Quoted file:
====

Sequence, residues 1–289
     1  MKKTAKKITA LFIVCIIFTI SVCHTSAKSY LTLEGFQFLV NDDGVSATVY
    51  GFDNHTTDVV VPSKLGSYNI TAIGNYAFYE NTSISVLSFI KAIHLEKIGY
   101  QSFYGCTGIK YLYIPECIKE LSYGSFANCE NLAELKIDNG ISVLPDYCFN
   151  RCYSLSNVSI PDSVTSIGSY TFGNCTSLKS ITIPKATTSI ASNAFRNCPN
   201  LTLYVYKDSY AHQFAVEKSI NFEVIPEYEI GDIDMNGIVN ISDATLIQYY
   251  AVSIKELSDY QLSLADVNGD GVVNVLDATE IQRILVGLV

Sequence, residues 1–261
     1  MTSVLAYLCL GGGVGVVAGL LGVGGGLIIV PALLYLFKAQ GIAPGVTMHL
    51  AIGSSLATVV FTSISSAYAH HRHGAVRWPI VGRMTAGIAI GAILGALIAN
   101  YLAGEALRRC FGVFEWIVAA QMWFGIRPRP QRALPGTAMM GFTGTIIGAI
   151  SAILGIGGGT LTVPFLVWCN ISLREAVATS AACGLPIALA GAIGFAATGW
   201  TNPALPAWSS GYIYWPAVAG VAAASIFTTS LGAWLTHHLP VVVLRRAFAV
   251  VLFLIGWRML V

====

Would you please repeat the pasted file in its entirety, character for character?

Sequence, residues 1–289
     1  MKKTAKKITA LFIVCIIFTI SVCHTSAKSY LTLEGFQFLV NDDGVSATVY
    51  GFDNHTTDVV VPSKLGSYNI TAIGNYAFYE NTSISVLSFI KAIHLEKIGY
   101  QSFYGCTGIK YLYIPECIKE LSYGSFANCE NLAELKIDNG ISVLPDYCFN
   151  RCYSLSNVSI PDSVTSIGSY TFGNCTSLKS ITIPKATTSI ASNAFRNCPN
   201  LTLYVYKDSY AHQFAVEKSI NFEVIPEYEI GDIDMNGIVN ISDATLIQYY
   251  AVSIKELSDY QLSLADVNGD GVVNVLDATE IQRILVGLV

Sequence, residues 1–261
     1  MTSVLAYLCL GGGVGVVAGL LGVGGGLIIV PALLYLFKAQ GIAPGVTMHL
    51  AIGSSLATVV FTSISSAYAH HRHGAVRWPI VGRMTAGIAI GAILGALIAN
   101  YLAGEALRRC FGVFEWIVAA QMWFGIRPRP QRALPGTAMM GFTGTIIGAI
   151  SAILGIGGGT LTVPFLVWCN ISLREAVATS AACGLPIALA GAIGFAATGW
   201  TNPALPAWSS GYIYWPAVAG VAAASIFTTS LGAWLTHHLP VVVLRRAFAV
   251  VLFLIGWRML V